Chiropractic Coaching: Reducing Friction in Training Associates

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Chiropractic Coaching: Reducing Friction in Training Associates

*The following is an actual transcript for Chiropractic Coaching: Reducing Friction in Training Associates. We do our best to make sure the transcript is as accurate as possible, however, it may contain spelling or grammatical errors.*

Chiropractic Coaching: Reducing Friction in Training Associates

Hello everybody and welcome to Thrive in Five. I’m Dr. Dennis Perman and I’ll be your chiropractic coach for today. This edition is called Reducing Friction in Training Associate Doctors and we’ll be focusing on how reducing friction can upgrade and improve multi doctor offices. Most chiropractors have had significant training in caring for patients, but not in overseeing another doctor or running a team of doctors.

By understanding the six essential strategies, you can build an associate doctor training program and an organization that uses the most current thinking to offer an extraordinary service to your community and reap considerable reward for your contribution. The first of the essential strategies is to reduce and eliminate friction wherever possible.

Let’s explore how to apply that to training associate doctors. There are really two kinds of associate doctors. I call them clones and foils. A clone is an associate doctor who is a lot like the head doctor. Enough so patients easily accept him or her. A similar personality, a similar touch and adjusting style, or even a similar look.

Clones borrow the positive anchor of the head doctor, which leads to a favorable response and smooth integration. A head doctor would hire a clone to increase volume, to increase capacity, and provide more of the same type of service to more people. Clones will help you build a larger version of the practice you currently enjoy.

I call the second kind of associate doctor a FOIL. FOILs are deliberately different from the head doctor in some way. And you would hire a FOIL if you want to offer expanded services to current patients and also attract new patients who might be looking for something different from your usual approach.

One simple example is when a male head doctor hires a female associate or vice versa, so patients with a gender preference can be served well. FOILs may specialize in clinical techniques that are not the general technique of the office. For example, some chiropractic offices add an associate doctor who’s well versed in pediatrics, or rehabilitation, or functional neurology, or functional medicine, or decompression.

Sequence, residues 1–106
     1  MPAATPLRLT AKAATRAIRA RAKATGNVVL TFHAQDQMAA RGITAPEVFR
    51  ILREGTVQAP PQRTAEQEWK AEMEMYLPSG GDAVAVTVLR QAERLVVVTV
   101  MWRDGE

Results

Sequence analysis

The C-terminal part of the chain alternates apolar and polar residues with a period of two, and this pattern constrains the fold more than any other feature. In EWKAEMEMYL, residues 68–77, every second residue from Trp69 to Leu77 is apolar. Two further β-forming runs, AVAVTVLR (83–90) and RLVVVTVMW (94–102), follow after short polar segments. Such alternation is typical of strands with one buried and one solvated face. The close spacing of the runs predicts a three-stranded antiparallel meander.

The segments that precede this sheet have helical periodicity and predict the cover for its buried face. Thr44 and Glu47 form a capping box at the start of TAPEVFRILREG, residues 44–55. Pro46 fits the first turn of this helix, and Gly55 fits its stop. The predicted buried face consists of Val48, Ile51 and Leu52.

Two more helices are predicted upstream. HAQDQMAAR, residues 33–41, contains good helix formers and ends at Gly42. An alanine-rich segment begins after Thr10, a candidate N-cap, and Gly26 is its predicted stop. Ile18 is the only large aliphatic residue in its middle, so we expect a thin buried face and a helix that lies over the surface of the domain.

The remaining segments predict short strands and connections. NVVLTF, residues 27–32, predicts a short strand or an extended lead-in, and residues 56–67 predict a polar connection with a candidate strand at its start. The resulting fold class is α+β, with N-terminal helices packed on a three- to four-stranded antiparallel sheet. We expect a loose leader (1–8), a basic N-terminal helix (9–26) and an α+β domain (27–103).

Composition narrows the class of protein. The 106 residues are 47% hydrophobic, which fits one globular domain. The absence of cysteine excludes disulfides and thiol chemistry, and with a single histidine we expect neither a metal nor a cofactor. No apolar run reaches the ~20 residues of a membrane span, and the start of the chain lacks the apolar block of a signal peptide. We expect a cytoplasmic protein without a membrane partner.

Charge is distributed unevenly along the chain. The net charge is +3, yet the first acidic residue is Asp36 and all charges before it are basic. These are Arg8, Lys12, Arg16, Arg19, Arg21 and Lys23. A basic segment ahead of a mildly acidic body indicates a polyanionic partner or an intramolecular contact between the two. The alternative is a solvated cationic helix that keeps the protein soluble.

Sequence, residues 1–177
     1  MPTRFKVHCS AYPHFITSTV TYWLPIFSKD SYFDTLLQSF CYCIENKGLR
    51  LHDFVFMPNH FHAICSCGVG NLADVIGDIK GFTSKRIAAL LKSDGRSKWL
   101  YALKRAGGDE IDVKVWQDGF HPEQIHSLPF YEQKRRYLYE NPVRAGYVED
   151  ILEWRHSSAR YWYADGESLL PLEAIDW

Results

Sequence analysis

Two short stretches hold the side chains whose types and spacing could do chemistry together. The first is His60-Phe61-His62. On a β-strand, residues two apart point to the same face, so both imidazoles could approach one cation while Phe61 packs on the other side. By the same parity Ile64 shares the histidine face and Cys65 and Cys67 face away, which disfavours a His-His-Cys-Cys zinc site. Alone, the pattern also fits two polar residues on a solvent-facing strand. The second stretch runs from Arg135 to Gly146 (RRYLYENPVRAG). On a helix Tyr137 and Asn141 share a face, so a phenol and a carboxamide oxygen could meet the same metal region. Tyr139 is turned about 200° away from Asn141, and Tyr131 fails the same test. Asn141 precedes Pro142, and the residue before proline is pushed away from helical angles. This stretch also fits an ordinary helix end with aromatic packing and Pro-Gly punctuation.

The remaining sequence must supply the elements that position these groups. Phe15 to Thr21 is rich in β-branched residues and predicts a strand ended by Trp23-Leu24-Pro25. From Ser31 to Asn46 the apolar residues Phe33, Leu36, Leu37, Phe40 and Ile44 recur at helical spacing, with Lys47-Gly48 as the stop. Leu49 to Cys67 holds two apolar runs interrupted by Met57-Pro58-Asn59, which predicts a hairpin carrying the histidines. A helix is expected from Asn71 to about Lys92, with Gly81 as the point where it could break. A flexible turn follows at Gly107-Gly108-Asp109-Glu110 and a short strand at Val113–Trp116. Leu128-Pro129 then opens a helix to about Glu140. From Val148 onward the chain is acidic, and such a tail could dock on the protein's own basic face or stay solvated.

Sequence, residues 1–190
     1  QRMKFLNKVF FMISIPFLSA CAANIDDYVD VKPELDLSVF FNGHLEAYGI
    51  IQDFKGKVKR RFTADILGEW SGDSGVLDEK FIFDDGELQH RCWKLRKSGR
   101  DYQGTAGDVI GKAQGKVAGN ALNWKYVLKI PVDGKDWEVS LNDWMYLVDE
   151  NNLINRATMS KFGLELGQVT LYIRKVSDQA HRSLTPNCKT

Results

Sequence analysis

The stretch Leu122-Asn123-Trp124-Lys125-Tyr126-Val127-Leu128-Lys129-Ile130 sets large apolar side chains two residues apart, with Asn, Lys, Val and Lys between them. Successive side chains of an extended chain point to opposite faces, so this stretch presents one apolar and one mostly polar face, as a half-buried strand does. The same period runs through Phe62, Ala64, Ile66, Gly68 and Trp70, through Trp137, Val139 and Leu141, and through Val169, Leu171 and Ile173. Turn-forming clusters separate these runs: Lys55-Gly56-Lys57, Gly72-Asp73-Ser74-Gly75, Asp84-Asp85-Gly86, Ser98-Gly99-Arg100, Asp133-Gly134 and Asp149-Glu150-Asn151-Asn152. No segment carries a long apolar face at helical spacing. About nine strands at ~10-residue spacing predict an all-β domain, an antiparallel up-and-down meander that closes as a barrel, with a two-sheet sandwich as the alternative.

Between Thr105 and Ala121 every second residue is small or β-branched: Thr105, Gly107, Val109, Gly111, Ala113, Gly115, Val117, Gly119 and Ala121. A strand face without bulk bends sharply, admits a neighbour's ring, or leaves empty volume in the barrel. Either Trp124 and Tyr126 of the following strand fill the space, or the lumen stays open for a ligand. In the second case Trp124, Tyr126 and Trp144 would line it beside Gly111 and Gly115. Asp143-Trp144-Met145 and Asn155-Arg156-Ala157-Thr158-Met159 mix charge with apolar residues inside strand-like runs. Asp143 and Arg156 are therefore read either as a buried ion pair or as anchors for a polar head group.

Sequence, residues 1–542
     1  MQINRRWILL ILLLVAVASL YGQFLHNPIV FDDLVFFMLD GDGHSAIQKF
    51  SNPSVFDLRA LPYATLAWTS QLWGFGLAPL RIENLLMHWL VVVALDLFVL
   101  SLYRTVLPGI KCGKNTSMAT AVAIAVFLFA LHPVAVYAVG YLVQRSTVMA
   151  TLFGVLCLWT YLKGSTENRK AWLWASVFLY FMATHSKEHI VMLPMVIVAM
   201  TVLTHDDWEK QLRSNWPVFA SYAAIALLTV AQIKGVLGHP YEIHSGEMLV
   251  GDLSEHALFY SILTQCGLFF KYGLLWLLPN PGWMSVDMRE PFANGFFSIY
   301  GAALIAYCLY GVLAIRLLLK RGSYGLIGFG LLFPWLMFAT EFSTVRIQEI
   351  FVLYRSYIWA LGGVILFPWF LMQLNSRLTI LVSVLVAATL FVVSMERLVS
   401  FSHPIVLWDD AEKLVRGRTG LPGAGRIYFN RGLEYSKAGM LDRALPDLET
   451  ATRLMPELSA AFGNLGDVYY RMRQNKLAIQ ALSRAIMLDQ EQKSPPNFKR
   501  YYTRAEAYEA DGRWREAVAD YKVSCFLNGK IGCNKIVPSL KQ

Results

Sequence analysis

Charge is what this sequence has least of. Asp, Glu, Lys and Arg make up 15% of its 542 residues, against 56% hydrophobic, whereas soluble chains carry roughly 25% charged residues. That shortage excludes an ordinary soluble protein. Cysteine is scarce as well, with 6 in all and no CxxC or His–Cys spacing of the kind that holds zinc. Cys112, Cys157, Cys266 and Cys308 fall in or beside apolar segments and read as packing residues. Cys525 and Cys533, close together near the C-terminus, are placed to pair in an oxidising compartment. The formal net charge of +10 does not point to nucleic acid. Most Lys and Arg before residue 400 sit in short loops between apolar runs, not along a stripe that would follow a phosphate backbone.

Depending on your practice model and your desired outcomes, you can provide a variety of services through the associate driven practice model. So, clothes help you add volume. Foils help you add scope. If you want to help more people in your niche, look for a clone. If you want to offer something different, consider what kind of additional services or products you want to integrate and choose a foil with those assets.

By having the right associate doctors in the right roles, you decrease friction and gather potential energy for serving more people and having more to show for it. Your training should be conceived to set them up to win for the benefit of your patients, your community. And the greater good. You want them to succeed, which also turns out to be good for them and for you.

Circle, circle. So watch. If you use an Ossie’s full spine technique and you want to serve more of your neighbors by increasing your capacity, hire a clone who also uses full spine technique. You can offer the same service to more people without much friction in training the associate in the art of your practice method.

But put someone who prefers using light force technique or functional medicine in the same position, and it could be stressful for them to follow your act, like trying to put a square peg in a round hole. Sometimes, patients may voice an interest in having a softer or a firmer adjustment or a more comprehensive approach.

They may have spouses, friends, and family members who feel that way. And if the demand is there, it helps you decide what kind of foil you need. It’s better for the associate, better for the patients, and better for you, with less friction because the fit is right. There are many other ways to use foils. A traditional subluxation based family chiropractor could add a functional neurologist who specializes in improving brain function.